If you reside in a rental unit located within Massachusetts, your landlord must carry insurance to cover some of your expenses and property damage caused by a fire.
That’s right. Every insurance policy in Massachusetts that covers a multi-unit residential property must include a fire endorsement for up to $750 for each rental unit. The $750 is available without deductible, but only for damage by fire.
This is important, so let’s go over it again: If you rent an apartment in Massachusetts, and your building suffers a fire, your landlord should have an insurance policy that covers your unit for damages incurred up to the amount of $750.
The $750 limit is available per rental unit, not per resident. In other words, if you and your best friend share an apartment, the $750 is the total available to you both – you can’t each collect $750.
What does that $750 cover? Actual costs shall include hotels, security deposits, clothing, furniture, and other reasonable costs and living expenses. It will also cover the first month of rent for a new unit if you’re not owed a security deposit or last month’s rent from your landlord.
What do you need to do if you’re a renter and you have suffered a fire in your building? The landlord’s insurance company will deal directly with you, and will make the payment for this coverage to you. After a fire, be sure to request the adjuster’s contact information and keep your receipts. You will need to prove your expenditures to the insurance company, so receipts and proof of payment are vital.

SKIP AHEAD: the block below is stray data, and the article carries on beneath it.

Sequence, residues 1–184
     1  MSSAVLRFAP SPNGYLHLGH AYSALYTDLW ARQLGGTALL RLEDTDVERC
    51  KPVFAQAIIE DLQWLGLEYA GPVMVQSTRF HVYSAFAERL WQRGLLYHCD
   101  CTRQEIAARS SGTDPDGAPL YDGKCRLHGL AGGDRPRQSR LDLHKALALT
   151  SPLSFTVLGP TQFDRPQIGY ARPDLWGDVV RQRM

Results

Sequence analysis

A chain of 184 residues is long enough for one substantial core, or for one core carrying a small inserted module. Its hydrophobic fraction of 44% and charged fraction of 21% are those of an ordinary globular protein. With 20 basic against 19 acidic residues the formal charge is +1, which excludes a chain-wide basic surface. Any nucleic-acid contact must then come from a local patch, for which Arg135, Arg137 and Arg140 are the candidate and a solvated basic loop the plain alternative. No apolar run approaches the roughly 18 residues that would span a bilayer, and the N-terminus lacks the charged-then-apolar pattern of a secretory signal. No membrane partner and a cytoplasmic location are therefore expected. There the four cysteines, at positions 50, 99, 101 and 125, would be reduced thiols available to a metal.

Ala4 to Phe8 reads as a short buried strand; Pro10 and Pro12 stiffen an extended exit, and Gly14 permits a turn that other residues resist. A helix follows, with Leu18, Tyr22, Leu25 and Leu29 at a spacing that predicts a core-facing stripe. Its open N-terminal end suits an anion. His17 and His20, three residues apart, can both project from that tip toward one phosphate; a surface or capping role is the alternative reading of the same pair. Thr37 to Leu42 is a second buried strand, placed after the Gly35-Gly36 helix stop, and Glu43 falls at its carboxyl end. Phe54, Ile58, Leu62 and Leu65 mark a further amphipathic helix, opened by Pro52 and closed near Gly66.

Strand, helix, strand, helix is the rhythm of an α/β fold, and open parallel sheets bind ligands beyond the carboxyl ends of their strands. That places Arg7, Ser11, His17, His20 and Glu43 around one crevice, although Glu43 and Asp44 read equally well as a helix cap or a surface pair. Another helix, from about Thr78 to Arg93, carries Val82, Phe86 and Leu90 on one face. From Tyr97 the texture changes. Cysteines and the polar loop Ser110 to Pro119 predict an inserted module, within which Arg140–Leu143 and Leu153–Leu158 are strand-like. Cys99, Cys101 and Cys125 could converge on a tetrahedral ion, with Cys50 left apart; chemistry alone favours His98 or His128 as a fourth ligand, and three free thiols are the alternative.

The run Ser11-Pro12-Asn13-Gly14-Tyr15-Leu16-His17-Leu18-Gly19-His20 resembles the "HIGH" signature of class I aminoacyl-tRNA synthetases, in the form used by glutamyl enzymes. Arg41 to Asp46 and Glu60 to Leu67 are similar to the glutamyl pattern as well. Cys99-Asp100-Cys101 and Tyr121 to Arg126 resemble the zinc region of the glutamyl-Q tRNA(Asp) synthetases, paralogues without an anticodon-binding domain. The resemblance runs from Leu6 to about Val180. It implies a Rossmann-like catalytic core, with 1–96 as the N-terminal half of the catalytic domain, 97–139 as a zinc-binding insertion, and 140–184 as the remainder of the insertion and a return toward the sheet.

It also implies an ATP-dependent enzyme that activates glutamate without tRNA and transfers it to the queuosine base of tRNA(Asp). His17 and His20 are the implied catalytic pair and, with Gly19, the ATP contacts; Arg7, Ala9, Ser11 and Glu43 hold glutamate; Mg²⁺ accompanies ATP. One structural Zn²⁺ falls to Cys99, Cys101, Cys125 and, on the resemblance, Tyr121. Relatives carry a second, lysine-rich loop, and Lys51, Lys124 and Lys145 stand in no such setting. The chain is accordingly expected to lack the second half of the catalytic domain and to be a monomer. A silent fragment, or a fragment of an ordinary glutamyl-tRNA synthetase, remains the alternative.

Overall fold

As helpful as this coverage is, for anything but a very small fire, this coverage by itself is insufficient – even more so if you have a roommate, a water loss, or a catastrophic loss. We suggest you buy your own renter’s insurance to cover your personal property and any additional living expenses you would need in the event your unit becomes uninhabitable.
To determine how much renter’s insurance you need, simply take a quick inventory of the big things you own. This list should include computers, furniture, electronics and clothing. Estimate their collective value – and then round up! You should also factor in the cost of temporarily living in a hotel and eating out while searching for another place to live. Local agents can help you to purchase the proper amount of insurance. And remember: if you make large purchases or move into a bigger space, those are the times to increase your insurance.